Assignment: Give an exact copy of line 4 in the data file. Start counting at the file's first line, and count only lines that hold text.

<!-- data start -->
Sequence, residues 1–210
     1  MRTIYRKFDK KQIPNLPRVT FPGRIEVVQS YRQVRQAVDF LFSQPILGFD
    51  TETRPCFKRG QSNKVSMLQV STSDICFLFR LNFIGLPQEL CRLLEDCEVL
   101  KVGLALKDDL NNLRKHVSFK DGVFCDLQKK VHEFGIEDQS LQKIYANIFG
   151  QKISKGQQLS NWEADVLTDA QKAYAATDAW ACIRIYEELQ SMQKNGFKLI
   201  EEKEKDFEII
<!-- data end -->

   101  KVGLALKDDL NNLRKHVSFK DGVFCDLQKK VHEFGIEDQS LQKIYANIFG